Women Under the Taliban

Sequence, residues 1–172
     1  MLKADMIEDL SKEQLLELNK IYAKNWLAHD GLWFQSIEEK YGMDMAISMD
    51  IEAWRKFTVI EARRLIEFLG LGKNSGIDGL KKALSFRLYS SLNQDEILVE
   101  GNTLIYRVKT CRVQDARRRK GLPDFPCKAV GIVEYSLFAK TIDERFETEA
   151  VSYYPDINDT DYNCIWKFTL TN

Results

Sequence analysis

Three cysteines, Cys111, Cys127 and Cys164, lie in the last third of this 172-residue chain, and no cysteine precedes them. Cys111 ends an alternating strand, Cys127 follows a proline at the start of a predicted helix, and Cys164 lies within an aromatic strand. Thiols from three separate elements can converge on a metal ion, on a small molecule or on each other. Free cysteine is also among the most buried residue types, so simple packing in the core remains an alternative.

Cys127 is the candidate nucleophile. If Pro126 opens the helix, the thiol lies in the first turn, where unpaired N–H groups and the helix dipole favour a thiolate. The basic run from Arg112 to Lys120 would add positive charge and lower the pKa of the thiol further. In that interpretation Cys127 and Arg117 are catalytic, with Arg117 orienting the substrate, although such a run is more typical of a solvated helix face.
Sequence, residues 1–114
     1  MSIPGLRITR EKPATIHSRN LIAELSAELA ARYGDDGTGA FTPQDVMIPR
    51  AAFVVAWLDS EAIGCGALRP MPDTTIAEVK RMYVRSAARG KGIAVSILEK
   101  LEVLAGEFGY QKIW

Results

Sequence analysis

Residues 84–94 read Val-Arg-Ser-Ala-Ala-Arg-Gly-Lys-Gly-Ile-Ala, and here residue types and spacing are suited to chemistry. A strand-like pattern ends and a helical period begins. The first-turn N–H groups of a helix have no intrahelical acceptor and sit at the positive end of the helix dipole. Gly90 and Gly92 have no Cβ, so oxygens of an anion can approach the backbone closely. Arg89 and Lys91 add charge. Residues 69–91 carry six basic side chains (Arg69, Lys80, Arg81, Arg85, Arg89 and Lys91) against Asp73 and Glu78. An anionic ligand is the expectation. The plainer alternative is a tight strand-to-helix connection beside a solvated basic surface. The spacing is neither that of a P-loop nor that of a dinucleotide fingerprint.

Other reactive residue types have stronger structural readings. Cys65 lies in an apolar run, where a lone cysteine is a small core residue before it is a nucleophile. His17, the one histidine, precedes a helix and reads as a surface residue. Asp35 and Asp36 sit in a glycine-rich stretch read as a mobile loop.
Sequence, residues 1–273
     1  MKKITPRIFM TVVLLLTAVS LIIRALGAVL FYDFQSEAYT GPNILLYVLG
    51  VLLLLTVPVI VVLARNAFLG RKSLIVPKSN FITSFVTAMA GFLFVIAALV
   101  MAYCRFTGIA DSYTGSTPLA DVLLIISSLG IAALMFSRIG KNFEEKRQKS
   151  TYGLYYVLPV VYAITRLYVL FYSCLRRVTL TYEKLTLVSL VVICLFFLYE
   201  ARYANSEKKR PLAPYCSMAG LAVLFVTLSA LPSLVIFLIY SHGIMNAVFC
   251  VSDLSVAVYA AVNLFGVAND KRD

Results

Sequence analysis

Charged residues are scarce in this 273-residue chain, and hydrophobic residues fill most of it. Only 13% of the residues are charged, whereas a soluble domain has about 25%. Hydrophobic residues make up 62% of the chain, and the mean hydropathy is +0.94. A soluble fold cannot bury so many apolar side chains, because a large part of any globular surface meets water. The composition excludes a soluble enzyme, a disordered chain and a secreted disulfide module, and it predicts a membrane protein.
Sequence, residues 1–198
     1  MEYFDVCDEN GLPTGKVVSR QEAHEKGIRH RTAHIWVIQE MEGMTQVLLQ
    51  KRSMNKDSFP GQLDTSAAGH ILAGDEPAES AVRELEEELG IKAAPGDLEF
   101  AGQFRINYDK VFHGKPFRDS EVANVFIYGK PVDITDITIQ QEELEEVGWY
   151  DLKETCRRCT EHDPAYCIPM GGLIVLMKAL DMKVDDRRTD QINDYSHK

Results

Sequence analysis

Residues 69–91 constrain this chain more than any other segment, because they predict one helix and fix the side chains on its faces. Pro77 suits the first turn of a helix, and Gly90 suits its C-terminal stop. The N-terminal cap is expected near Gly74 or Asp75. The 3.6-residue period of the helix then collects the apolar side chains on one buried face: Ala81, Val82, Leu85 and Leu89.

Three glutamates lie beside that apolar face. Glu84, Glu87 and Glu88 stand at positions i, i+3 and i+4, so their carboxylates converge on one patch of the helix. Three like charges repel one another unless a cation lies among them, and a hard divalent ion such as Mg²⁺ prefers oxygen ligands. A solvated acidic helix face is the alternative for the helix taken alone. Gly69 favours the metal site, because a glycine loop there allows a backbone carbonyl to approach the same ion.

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The majority of Americans are uninformed about the injustice of the Afghanistan women in the many recent years. The women in Afghanistan didn’t always have a burka hiding their face from others in public. There was a time when the women had a life very much like today’s ordinary American woman. In the book, The Dressmaker, we get to know of how oppression changes the lives of each and every person in a family along with the changes in their community. For the community of Kabul changes lead to a financial and economical struggle. The women’s lives are transformed after the Taliban take control of Kabul. The rights of women are stripped from them and they are left with basically nothing. This change in the lives of the women brings more responsibility for the men to carry. The men are also affected by the Taliban regime and unfair removal of the women’s prior role in their community. Meanwhile, the women find themselves in a bind to be able to feed their family and get the medical attention they need. In The Dressmaker, the Sidiqi family find themselves facing a difficult moment with the new changes in their country. Malika is the oldest sister of the family, who confronts/experiences the hardships the oppression brings to her and her family. However, by the end, Malika successfully rises above the despotism against women. The Taliban regime took control of Kabul and implemented their interpretation of Islamic laws in the year 1996. The arrival of the Taliban marked a timeline completely different known to the women in Afghanistan. Paul Watson wrote an article in the L.A. Times about a doctor who experienced and witnessed the many medical mishaps due to the Taliban laws. Watson stated, “The Taliban were so obsessed with hiding women from men’s eyes that even a male surgeon could not see his dying patient’s exposed flesh” (Watson1). This statement describes how the women couldn’t be seen by the men, even if it was a doctor trying to save his female patient. In...
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